You never know
Originally published on November 22, 2015
Last Sunday I had a long-awaited play date with my pal, Satish. When he was little, that meant an afternoon of basketball, T-ball, and maybe even time to read a book or two. Now that he's older, it means we hang out and watch a football game. This week it was the Lions "versing" the Green Bay Packers...or at least that's how Satish and his little brother, Danta, say "versus".
Satish didn't know what time I was going to come over, so when I arrived a little later than planned, I heard his voice call from the living room, "Finally!" He wasn't being rude -- it's just his way of letting me know he was looking forward to seeing me.
As he's ten now, there's an unspoken agreement between us that a hello hug is not really necessary, but a good-bye hug is fine as long as I don't kiss him in front of his soccer buddies. So instead of snuggling on the couch with a storybook like we did when he was younger, Satish regaled me on what would have to happen in order for the University of Michigan to make it to a bowl game.
"First, they'd have to do super well in the rest of their games," he explained. "And other teams would have to do poorly so Michigan could rise in the ranks." Shaking his head sadly, Satish said, "Really, there are too many variables that have to go right in order for it to happen."
I smiled, delighted by his ever-present astute wisdom. "Well, you never know."
Satish flashed me a knowing smile. "Yeah, you never know."
When we get together, the boys and I love playing chess or a board game. When they were little, I always asked if I should let them win at chess or play my best. Neither Satish nor Danta wanted me to throw the game, so after a stealth move on my part, one of them usually said, "Drat! Now I'm going to lose!"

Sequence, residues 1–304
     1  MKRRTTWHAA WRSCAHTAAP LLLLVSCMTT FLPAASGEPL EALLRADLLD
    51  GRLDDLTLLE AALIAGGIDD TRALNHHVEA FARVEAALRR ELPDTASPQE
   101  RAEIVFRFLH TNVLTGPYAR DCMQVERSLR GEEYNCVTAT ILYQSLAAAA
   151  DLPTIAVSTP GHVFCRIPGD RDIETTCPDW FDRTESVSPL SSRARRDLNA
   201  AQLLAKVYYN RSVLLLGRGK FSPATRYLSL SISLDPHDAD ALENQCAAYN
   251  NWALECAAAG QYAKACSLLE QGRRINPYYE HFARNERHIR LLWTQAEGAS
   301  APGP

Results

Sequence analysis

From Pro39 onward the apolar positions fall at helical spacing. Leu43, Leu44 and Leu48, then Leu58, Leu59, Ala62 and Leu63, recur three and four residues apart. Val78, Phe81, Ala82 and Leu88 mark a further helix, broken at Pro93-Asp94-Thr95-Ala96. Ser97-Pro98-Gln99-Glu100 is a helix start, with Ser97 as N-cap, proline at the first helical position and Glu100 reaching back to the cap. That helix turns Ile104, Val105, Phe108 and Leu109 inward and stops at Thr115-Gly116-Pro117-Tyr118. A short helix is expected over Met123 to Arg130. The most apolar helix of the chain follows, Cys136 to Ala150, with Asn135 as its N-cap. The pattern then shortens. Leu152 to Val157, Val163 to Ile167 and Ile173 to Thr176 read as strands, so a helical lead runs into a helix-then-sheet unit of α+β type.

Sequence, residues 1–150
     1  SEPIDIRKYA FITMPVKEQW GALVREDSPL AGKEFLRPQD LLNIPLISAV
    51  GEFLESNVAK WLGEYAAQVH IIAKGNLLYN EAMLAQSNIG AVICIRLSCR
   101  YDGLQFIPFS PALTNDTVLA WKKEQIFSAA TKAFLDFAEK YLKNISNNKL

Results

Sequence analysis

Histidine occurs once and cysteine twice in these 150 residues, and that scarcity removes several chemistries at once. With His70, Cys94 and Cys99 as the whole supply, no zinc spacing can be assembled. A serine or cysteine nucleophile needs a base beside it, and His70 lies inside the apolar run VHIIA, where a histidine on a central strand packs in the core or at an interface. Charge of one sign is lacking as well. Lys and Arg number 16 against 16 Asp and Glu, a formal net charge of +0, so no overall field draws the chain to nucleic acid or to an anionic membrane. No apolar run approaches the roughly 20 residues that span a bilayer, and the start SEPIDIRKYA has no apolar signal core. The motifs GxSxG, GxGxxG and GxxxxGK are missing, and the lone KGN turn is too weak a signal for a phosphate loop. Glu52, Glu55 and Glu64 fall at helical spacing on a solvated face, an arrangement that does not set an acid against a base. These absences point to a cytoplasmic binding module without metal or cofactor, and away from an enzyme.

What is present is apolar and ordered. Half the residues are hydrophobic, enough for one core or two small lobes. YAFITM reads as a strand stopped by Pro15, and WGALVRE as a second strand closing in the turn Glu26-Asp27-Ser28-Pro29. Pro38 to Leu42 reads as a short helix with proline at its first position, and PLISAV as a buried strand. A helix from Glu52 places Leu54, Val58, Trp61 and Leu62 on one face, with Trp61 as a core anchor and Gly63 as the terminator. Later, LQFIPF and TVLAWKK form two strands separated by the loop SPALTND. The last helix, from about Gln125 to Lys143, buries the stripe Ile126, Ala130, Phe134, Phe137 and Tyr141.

Shaking my head, I always replied, "The game's not over yet...you never know."
Time proved that the tide often turned and they end up being victorious. Actually...nowadays Satish always beats me soundly, although the last time we played I gave him a pretty good run for his money.
Seeing a clear opening early in the match, I snatched his queen with a pawn. "Holy cow, dude!" I cried. "That was too easy!"
"I haven't practiced for a long time and I'm not thinking properly," he lamented. "That's why you're going to win."
Of course, with his next move, Satish captured my queen and eventually won the match.
In any event, last Sunday at the beginning of the Lions vs. Packers game, Satish (a die-hard Lions fan to the end) bitterly complained about the poor season they're having this year.
"See? They're already down three points and it's not even a few minutes into the first quarter," he sighed.
"Oh, well," I shrugged. "There are three more quarters. You never know...they could kick their butts into high gear and get the job done."
And that's just how it went. Play by play, down by down, the Lions tried to rally. I've never, ever seen a "fourth down and inches", but sure enough, there it was on the big screen TV.
Alas, all too quickly it was time to leave as I was driving Satish to his indoor soccer game and didn't know how long it would take to get there.
"Don't worry...there's lots of time," he said as we buckled up and hit the road. "We always have to wait until the other team finishes using the court."
Sure enough, we arrived before anyone else, so Satish and I chatted until the rest of his teammates arrived.
"Are you taping the Lions game?" I asked.
"Nah...I don't usually tape football games."
"Not even Michigan ones?"
Satish shrugged. "Because it's too hard to not hear the final score before I have time to watch it. Sometimes Danta tells me who won and that kinda spoils it for me."
"Yeah...it's more fun to have the suspense, huh? Makes the game more interesting."
Once his buddies arrived, Satish put on his game face and talked with them while I found a seat near the window where I could watch the last few minutes of a pretty good soccer match.